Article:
chorister

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English[edit]

Etymology[edit]

Derived from late Middle English queristre, from an Anglo-Norman variant of Old French cueriste, from cuer (see Middle French cuer). Equivalent to choir +‎ -ster.

Pronunciation[edit]

Noun[edit]

chorister (plural choristers)

  1. A singer in a choir.
    • c. 1503–1512, John Skelton, Ware the Hauke; republished in John Scattergood, editor, John Skelton: The Complete English Poems, 1983, OCLC 8728872, lines 122–124, page 65:
      These be my querysters
      To helpe me to synge,
      My hawkes to mattens rynge!
    • 1918, W[illiam] B[abington] Maxwell, chapter V, in The Mirror and the Lamp, Indianapolis, Ind.: The Bobbs-Merrill Company, OCLC 4293071:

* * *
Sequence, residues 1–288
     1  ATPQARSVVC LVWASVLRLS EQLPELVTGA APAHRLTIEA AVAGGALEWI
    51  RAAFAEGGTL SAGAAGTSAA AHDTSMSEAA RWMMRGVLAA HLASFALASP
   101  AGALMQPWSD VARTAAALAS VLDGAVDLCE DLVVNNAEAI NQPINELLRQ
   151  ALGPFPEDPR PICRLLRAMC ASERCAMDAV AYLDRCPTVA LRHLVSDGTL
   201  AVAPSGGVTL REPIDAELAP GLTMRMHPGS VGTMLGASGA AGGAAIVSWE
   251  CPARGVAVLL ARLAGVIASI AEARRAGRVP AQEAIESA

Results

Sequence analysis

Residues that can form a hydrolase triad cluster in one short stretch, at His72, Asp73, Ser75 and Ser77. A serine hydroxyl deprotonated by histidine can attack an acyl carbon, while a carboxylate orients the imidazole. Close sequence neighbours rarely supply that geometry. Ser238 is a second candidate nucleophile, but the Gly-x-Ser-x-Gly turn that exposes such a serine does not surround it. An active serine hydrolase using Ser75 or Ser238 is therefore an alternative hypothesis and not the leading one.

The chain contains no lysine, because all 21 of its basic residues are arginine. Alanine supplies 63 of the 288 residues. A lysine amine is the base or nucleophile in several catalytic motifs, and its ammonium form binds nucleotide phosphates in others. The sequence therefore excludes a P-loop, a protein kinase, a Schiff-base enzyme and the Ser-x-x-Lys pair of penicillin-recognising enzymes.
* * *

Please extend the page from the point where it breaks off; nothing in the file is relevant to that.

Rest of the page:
Here, in the transept and choir, where the service was being held, one was conscious every moment of an increasing brightness; colours glowing vividly beneath the circular chandeliers, and the rows of small lights on the choristers' desks flashed and sparkled in front of the boys' faces, deep linen collars, and red neckbands.
    None of the new choristers can sing in tune but they will learn soon enough.
  2. A director or leader of a choral group.
    Jane was the chorister of her congregation's choir, and that occupied much of her time on the weekends.

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